5 charged in Oshawa house fire that killed 4 in January

5 charged in Oshawa house fire that killed 4 in January
CBC News

Fire code violation charges have been laid against five people in connection with an Oshawa house fire in January that killed four people.

The owner of the house, two directors of a corporation and two tenants were charged with provincial offences under the Ontario Fire Code and Fire Protection and Prevention Act, according to Todd Wood, deputy fire chief for Oshawa Fire Services. 
Wood said Ontario's Office of the Fire Marshal was not able to determine the cause of the fire in the house at 116 Centre Street North, near Colborne Street West, on Jan. 8, 2018. The house is a two-unit dwelling.
In a news release on Monday, ​Oshawa Fire Services did not name the charges or the five people charged.
The fire department, however, did say the two tenants who have been charged lived in the lower levels of the property at the time of the fire.
Wood said the fire, which killed two adults and two children, is a good reminder that working smoke alarms can save lives. 
The house had no working smoke alarms.
"Well, I know that morning our response was quick. It is just around the corner from our headquarters hall. And in this case, working smoke alarms would have alerted the people of the house that something was going on and they would have been able to get out safely," he said.
"And our crews just would have went in and knocked down the fire. What we learned from this fire, and pretty much every fire, is that fire grows quickly and you don't have a lot of time to get out. It's imperative that you have working smoke alarms in your home."
The fire began on the main floor, according to a final report and a forensic fire engineering report from the Office of the Fire Marshal. The two reports have been given to Oshawa Fire Services.
"Because of the contents and the way fire has changed, with things burning quicker and hotter, working smoke alarms are really your only chance of getting out safely," Wood said. "If the fire is too large and it grows rapidly, working smoke alarms will give you the time to get out of the home quickly."
According to the news release, the Office of the Fire Marshal found there were contraventions of the Ontario Fire Code in the home, but investigators did not say how the regulation was violated.
Crews encountered heavy fire, thick smoke
Fire crews were called to the scene shortly after 8 a.m. after receiving reports that people were trapped in the home near Bond and Simcoe Streets. Durham police and Oshawa firefighters arrived within minutes.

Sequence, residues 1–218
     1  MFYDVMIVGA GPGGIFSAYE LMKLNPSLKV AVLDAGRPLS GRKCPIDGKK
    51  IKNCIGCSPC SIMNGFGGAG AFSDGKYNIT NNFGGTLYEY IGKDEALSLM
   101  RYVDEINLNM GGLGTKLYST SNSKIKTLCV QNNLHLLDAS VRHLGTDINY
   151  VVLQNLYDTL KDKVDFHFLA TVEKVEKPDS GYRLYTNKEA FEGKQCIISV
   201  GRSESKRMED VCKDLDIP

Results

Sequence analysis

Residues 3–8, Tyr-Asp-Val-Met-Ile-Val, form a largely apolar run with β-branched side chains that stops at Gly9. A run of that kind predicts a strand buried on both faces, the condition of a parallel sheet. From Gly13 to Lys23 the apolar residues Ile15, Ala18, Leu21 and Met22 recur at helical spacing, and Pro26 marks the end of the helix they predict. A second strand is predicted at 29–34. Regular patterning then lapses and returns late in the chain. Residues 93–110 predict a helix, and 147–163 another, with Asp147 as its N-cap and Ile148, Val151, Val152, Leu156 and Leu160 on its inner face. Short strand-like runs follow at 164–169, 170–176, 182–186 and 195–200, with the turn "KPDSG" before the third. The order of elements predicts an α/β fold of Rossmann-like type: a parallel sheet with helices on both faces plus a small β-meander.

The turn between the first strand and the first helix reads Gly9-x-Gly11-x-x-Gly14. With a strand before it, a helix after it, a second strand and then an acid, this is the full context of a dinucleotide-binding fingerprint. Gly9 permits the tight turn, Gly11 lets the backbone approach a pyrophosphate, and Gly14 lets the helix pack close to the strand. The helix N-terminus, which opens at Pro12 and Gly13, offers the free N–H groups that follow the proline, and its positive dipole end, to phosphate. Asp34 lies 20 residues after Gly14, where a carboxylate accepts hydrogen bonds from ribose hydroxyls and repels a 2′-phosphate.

Firefighters encountered heavy fire and thick smoke. The house was extensively damaged.
Lindsey Bonchek, 36, and her daughter Madeline, 9, died in the fire that gutted the home. Bonchek's son, Jackson, 4, was pulled from the fire but later died.
Steve Macdonald, 50, managed to escape the fire with his pregnant daughter, but ran back into the building to rescue others, according to his family, and did not come out.
The Office of the Fire Marshal ruled out natural gas heating as the cause of the fire, the news release said.
Everyone needs an escape plan
Oshawa Fire Chief Derrick Clark said in the release that landlords and homeowners are required by law to have working smoke alarms on every floor of a home. 
Also, any residential property with a fuel-fired appliance or attached garage must have a carbon monoxide alarm, he said. Such alarms must be installed near all sleeping areas in homes and in service rooms and in sleeping areas of multi-residential units.
"For as little as $20, the cost of a smoke/carbon monoxide alarm is one of the best investments you can make to keep your family safe," Clark said.
Clark said it's also important that everyone in a home has an escape plan and knows exactly what to do in the event of a fire.
Tenants are required to report to their landlords if smoke and carbon monoxide alarms are not in place, he said. 
The fine for non-working smoke alarms is up to $50,000 for an individual and/or one-year imprisonment.